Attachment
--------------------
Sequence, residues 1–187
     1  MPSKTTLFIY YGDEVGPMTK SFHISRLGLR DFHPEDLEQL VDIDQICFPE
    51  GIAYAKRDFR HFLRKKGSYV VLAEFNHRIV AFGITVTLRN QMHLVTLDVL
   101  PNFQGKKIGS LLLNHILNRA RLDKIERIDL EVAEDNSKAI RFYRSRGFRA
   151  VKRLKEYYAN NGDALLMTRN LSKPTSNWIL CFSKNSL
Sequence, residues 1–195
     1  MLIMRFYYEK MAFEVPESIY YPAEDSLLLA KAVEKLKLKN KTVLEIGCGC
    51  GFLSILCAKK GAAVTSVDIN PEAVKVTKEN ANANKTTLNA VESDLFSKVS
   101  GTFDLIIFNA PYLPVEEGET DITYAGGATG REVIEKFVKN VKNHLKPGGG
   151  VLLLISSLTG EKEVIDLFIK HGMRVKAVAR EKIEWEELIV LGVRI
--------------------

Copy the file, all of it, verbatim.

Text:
Sequence, residues 1–187
     1  MPSKTTLFIY YGDEVGPMTK SFHISRLGLR DFHPEDLEQL VDIDQICFPE
    51  GIAYAKRDFR HFLRKKGSYV VLAEFNHRIV AFGITVTLRN QMHLVTLDVL
   101  PNFQGKKIGS LLLNHILNRA RLDKIERIDL EVAEDNSKAI RFYRSRGFRA
   151  VKRLKEYYAN NGDALLMTRN LSKPTSNWIL CFSKNSL
Sequence, residues 1–195
     1  MLIMRFYYEK MAFEVPESIY YPAEDSLLLA KAVEKLKLKN KTVLEIGCGC
    51  GFLSILCAKK GAAVTSVDIN PEAVKVTKEN ANANKTTLNA VESDLFSKVS
   101  GTFDLIIFNA PYLPVEEGET DITYAGGATG REVIEKFVKN VKNHLKPGGG
   151  VLLLISSLTG EKEVIDLFIK HGMRVKAVAR EKIEWEELIV LGVRI